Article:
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Dec. 8, 2022

Forms of Freedom Project reimagines pedagogy, artmaking and educational justice

Conceived through an imperative to reimagine the possibilities for public pedagogy, Forms of Freedom: The Art and Design of Black and Indigenous Creative Public Pedagogies is a two-year research collaboration between Black, Indigenous, and People of Color artist collectives to exchange, learn and create radical forms of artmaking and education.

Led by Ruth Nicole Brown, MSU Foundation Professor and Inaugural Chairperson of the Department of African American and African Studies, and Emery Petchauer, professor in MSU’s Department of English and Department of Teacher Education, the project was awarded a Racial Equity Research Grant (2021–2023) by the Spencer Foundation to “understand and disrupt the reproduction and deepening of inequality in education.”

Dr. Emery Petchauer (left) and Dr. Ruth Nicole Brown (right)

But in both its form and methodology, Forms of Freedom goes beyond the scope to give project partners a unique opportunity to interrogate and expand their educational justice practices and to form fruitful, long-term alliances with other artists and scholars engaged in this kind of work.

The project engages the work and practices of three creative public pedagogy collectives:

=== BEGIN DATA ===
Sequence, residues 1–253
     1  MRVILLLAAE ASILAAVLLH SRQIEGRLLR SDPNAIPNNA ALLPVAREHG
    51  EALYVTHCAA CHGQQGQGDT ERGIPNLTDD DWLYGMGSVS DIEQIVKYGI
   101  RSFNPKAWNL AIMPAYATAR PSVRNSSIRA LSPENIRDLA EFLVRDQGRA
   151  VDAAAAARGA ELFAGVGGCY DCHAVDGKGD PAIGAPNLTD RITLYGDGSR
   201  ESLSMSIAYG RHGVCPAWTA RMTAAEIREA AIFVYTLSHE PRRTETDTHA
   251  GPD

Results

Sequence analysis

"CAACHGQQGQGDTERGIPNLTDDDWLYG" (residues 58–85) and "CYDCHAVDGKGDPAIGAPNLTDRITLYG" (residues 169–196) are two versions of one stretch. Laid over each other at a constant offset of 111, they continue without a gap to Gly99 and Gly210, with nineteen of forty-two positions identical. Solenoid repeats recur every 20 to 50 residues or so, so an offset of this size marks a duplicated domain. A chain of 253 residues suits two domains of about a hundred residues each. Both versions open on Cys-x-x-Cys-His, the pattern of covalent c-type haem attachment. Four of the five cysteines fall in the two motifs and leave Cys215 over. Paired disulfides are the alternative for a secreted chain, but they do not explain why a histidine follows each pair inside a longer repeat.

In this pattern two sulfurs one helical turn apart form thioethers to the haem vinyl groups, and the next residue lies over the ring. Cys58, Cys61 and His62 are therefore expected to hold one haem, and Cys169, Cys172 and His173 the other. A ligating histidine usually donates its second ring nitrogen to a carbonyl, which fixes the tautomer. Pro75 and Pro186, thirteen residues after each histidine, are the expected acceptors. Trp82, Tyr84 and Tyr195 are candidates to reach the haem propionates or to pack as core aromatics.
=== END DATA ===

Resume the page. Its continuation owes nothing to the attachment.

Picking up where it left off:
• The Aadizookaan in Detroit, which creates storytelling experiences guided by ancestral Indigenous-based knowledge systems.
  • Fire in Little Africa, a multimedia hip-hop album and curriculum to educate Black young people on the 100-year legacy of the 1921 Tulsa, Oklahoma, massacre.
  • Saving Our Lives, Hear Our Truths, co-founded by Brown in 2006 in central Illinois, SOLHOT centers Black girlhood and celebrates the lives, experiences and voices of Black girls and femmes.

“We’re co-thinkers, all of us; and we’re creating knowledge together,” Brown said. “What we’re trying to do is document — put words to — our distinctive processes that are ever-changing and evolving. ‘Mutual reciprocity’ and ‘integrity’ is language that comes up again and again in our discussions about creating community. How do we collectively insist on an ethos of thinking and being together when so much of the academy privileges the individual knower or the subject-object relationship? What we’re creating favors something that is more dynamic, more necessary, and that has greater impact. And it is in mutual recognition of the talents that we all bring to the table and share with each other.”

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